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The old open question of marijuana and healthcare: Flares from NANHES

Published:August 30, 2016DOI:https://doi.org/10.1016/j.ejim.2016.08.016
      The issue about marijuana use and health problems is an old question that has been actual for many years. If, on one hand, the medical interest towards the use of marijuana has been related to its possible application in some clinical conditions that range from pain control to neuromuscular diseases, on the other hand, many implications are strictly linked to the social system, the legal use, the effects on the younger population and also to the ethical consequences [
      • Rubens M.
      Political and medical views on medical marijuana and its future.
      ]. In many states, the use of marijuana still poses a difficult social, political and medical open question [
      • Gulland A.
      Sixty second on…medical marijuana.
      ]. The latter is undoubtedly a disputed matter, running on two parallel pathways where the meeting point is surely hard to find. In fact, the medical doctor is often clamped between the clinical need and the legal duties; therefore, only the scientific evidences can represent a good and strong backing that helps the clinical decision process frequently characterized by the real life scenario [
      • Pacula R.L.
      • Powell D.
      • Heaton P.
      • et al.
      Assessing the effects of medical marijuana laws on marijuana use: The devil is in the details.
      ]. The general word economical and temporary conditions, especially in some countries, require a cautious use of the healthcare system resources along with definite political choices. Given these considerations, the paper by Bhandary et al. [
      • Bhandari S.
      • Hillard C.J.
      • Venkatesan T.
      Marijuana users do not have increased healthcare utilization: A national health and nutrition examination survey (NHANES) study.
      ], sheds some light on the use of marijuana and the healthcare utilization in the US population. The study comes from the National Health and Nutrition Examination Survey (NHANES) based on a large sample of the general population that represents well the real life conditions. No significant association was found between marijuana use and healthcare utilization. Moreover, the latter was not affected by confounding factors as frequency of marijuana use, age and comorbidities. However, as the Authors correctly underline, the population of marijuana users has a significantly higher proportion of smokers, alcohol and polysubstances users, so marijuana is not always a neutral and irrelevant tendency and in particular it appears strictly linked to major habits. On the other side the Family Income to Poverty Ratio reveals that the frequent marijuana users have a better income, suggesting that probably the frequent use of marijuana is not only related to a low social status. The age is an important factor related to healthcare system utilization with younger people that, even if smoking more marijuana, have less chances to have comorbidities and hence to need medical assistance. As all scientific evidences also this study has some limitations, which must be seen as incentives to drive new research that will explain: 1) the effects of cumulative exposure to marijuana in order to find a new clinical score able to identify an epidemiological cut-off as a risk factor for healthcare utilization; 2) the quantitative previous marijuana exposure/marijuana habit or routine use as a risk factor for respiratory disease, emergency visits or psychological disorders; 3) the relation between age, marijuana use and presence of comorbidities; 4) how the social and political context may influence the use and the user of marijuana. However, of fundamental importance will be the future Government support and investments capable to sustain the prospective studies on the health effects of cannabinoids. This would allow having strong evidences that could guide clear and indisputable laws for medical doctors and general population too.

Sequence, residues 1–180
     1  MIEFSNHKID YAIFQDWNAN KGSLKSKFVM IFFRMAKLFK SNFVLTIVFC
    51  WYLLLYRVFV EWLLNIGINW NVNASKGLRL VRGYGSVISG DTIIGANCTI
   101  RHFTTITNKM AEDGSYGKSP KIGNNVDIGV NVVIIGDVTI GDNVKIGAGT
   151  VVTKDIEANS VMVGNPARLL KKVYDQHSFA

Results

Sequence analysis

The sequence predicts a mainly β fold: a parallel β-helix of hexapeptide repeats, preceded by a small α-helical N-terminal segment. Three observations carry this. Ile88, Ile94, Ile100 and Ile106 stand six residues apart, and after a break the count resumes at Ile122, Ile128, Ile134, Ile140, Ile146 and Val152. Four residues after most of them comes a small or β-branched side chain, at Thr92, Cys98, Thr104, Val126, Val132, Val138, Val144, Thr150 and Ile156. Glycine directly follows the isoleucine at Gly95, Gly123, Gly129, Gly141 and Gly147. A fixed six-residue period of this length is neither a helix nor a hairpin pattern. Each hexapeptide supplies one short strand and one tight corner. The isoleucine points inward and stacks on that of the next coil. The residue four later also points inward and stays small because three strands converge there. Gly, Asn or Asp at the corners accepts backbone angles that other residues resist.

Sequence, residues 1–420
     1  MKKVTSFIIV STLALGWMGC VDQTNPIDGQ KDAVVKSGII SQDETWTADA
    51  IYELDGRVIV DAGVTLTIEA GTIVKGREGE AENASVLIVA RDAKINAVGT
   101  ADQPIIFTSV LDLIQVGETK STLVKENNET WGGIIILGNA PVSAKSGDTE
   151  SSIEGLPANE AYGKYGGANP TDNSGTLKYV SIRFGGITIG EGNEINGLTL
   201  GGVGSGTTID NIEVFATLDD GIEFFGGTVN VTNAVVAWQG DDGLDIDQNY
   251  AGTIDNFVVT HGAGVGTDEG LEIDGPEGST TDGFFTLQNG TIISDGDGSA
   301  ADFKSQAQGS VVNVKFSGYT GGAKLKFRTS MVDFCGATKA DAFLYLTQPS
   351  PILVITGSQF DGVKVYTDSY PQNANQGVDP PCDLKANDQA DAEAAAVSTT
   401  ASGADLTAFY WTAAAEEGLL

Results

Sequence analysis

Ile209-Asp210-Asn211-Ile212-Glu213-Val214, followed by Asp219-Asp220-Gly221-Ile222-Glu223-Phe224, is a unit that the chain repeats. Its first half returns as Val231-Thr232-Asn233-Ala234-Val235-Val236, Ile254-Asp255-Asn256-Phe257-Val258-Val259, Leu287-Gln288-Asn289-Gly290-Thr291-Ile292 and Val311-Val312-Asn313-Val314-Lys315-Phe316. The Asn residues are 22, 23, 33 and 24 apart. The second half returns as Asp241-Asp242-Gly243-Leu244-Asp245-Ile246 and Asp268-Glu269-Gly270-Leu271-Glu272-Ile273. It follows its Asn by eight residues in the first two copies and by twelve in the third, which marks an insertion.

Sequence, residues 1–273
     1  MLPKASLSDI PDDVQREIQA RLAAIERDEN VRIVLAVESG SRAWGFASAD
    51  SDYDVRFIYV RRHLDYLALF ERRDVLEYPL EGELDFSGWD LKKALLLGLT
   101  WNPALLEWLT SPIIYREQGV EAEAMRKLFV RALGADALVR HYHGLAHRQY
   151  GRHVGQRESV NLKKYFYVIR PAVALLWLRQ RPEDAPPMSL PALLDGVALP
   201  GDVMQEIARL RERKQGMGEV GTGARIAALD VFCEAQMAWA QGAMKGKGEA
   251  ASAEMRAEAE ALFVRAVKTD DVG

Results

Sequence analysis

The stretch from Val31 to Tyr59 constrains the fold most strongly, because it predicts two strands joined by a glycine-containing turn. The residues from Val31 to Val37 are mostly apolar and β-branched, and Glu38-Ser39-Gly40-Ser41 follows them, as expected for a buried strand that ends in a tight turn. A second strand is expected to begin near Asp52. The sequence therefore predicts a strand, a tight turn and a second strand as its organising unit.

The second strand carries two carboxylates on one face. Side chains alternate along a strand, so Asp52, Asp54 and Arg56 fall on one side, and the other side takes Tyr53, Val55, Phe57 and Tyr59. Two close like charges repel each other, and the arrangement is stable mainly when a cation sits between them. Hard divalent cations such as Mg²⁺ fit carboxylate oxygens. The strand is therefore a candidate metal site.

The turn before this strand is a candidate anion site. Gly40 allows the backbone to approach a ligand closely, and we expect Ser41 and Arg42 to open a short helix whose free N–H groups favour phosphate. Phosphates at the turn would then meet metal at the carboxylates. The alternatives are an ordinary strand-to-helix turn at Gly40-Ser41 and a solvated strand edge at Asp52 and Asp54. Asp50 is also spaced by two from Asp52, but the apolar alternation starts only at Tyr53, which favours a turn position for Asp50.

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      References

        • Rubens M.
        Political and medical views on medical marijuana and its future.
        Soc Work Public Health. 2014; 29: 121-131
        • Gulland A.
        Sixty second on…medical marijuana.
        BMJ. 2016; 354: i3962
        • Pacula R.L.
        • Powell D.
        • Heaton P.
        • et al.
        Assessing the effects of medical marijuana laws on marijuana use: The devil is in the details.
        J Policy Anal Manage. 2015; 34: 7-31
        • Bhandari S.
        • Hillard C.J.
        • Venkatesan T.
        Marijuana users do not have increased healthcare utilization: A national health and nutrition examination survey (NHANES) study.
        Eur J Intern Med. 2016; 34: e9-e10

      Linked Article

      • Marijuana users do not have increased healthcare utilization: A National Health and Nutrition Examination Survey (NHANES) study
        European Journal of Internal MedicineVol. 34
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          Nearly half (49%) of Americans say that they have tried marijuana [1]. Although increased legalization of marijuana has led to its widespread use, there is a paucity of data on healthcare utilization due to marijuana use. There are studies suggesting that this change in legalization of marijuana has resulted in an increase in number of emergency department (ED) visits [2,3]. Similarly, chronic marijuana use among gastroenterology patients was noted to be a predictor of increased ED visits [4]. More recently, there has been an interest in a condition called cannabinoid hyperemesis syndrome (CHS) showing an association between chronic, heavy marijuana use and cyclic vomiting potentially resulting in increased healthcare utilization [5–7].
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